A big push in the INMA Newsroom Initiative is how best to produce journalism that drives the goals of your publishing business — without perverting the quality or editorial mission.
We’ve also focused on journalists understanding what business they’re in — whether advertising-led or subscription — and knowing how it works and what levers they have to pull.
During the recent INMA Asia-Pacific News Media Summit, newsroom leaders from the South China Morning Post in Hong Kong and Malaysiakini from Kuala Lumpur showed some great homegrown examples of relatively simple initiatives — backed by data — in which editorial work clearly drives business objectives.
Malaysiakini newsroom dashboard shows which stories convert
Eshwaren Manoharen, head of product management and development at Malaysiakini, showed how the independent hard-news publisher analysed its traffic and reader habits in ways that reinforced the value they hoped was there in the editorial mission: The critical proxy was how that quality journalism converted into a propensity to subscribe or stay a subscriber.
In a discovery that will echo with many other newsrooms, Eshwaren presented a simple-but-critical finding: “Stories with the most number of pageviews are not the highest converting stories. Stories that are well-researched, investigative long-form, explainers tend to perform better to convert readers into subscribers.”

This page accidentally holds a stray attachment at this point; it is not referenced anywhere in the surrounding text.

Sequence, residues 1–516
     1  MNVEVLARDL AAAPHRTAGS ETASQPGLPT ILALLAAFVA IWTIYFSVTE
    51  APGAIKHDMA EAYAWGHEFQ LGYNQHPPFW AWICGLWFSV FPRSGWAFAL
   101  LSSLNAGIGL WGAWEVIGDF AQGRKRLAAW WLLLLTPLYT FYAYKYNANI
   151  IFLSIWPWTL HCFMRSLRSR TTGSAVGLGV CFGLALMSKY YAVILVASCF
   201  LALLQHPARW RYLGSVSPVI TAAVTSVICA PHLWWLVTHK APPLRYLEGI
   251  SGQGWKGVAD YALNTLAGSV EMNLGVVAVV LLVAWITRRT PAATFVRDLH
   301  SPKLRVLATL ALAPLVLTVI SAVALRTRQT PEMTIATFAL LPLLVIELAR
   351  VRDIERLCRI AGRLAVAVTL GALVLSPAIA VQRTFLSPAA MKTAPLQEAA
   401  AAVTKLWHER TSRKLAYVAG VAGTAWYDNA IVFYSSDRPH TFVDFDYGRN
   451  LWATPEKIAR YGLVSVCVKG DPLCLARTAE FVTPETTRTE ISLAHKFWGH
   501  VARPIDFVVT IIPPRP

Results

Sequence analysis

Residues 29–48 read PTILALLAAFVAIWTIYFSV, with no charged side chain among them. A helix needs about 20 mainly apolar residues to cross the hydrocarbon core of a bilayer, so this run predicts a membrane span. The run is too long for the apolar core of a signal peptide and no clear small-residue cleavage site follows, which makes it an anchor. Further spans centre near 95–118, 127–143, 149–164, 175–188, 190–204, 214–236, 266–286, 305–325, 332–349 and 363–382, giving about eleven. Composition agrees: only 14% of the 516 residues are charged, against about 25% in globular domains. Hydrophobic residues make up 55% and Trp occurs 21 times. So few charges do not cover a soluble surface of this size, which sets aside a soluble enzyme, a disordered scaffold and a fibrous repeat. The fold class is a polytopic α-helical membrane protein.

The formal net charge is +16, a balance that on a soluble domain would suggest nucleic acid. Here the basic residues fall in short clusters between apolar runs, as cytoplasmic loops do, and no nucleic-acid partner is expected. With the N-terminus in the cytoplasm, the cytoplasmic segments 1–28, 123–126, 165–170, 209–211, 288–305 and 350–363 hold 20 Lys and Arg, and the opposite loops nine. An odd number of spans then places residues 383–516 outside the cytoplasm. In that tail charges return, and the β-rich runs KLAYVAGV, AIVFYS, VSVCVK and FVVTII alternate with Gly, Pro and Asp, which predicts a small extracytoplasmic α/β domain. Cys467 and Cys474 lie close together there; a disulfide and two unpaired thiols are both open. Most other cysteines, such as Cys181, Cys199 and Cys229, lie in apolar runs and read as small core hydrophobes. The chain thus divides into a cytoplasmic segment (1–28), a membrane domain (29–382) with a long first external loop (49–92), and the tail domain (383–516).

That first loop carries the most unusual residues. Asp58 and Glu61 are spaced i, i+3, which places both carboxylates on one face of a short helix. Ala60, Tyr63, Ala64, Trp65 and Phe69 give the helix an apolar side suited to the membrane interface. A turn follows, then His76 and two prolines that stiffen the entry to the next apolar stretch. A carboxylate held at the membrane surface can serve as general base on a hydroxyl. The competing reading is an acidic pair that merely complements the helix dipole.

That understanding rapidly turned into action, for example, following up stories that generate interest and comments from subscribers with analytical explainers — knowing there is demand.
Malaysiakini has created a highly detailed dashboard available to all its newsroom staff in which they can see stories that convert into subscriptions or retain subscribers — and even how much revenue might be attributed to a given story or area of coverage. It’s almost gamified, and Eshwaren said the transparency has created a good-humoured spirit of competition.
Go to the Asia-Pacific Summit session page to watch the video and download Eshwaren’s presentation.
South China Morning Post puts editorial at the center of its strategy
For the SCMP, Digital Editor Shea Driscoll talked about a simple and effective way in which understanding reader behaviour and its alignment to business goals on engagement led to product improvements that enhanced the discovery of content and kept readers longer.
Shea showed a handy “wheel” chart with editorial firmly at the centre surrounded by four critical components that support a product based around editorial output: audience growth, data, strategy and special projects, and product and technology.
“Don’t lose sight of why you do this,” Shea asked. The bottom line is that it’s all about trusting editorial judgment and then testing it against real-world data from user behaviour.
Go to the Asia-Pacific Summit session page to watch the video and download Shea’s presentation. A short presentation from me is there as well.
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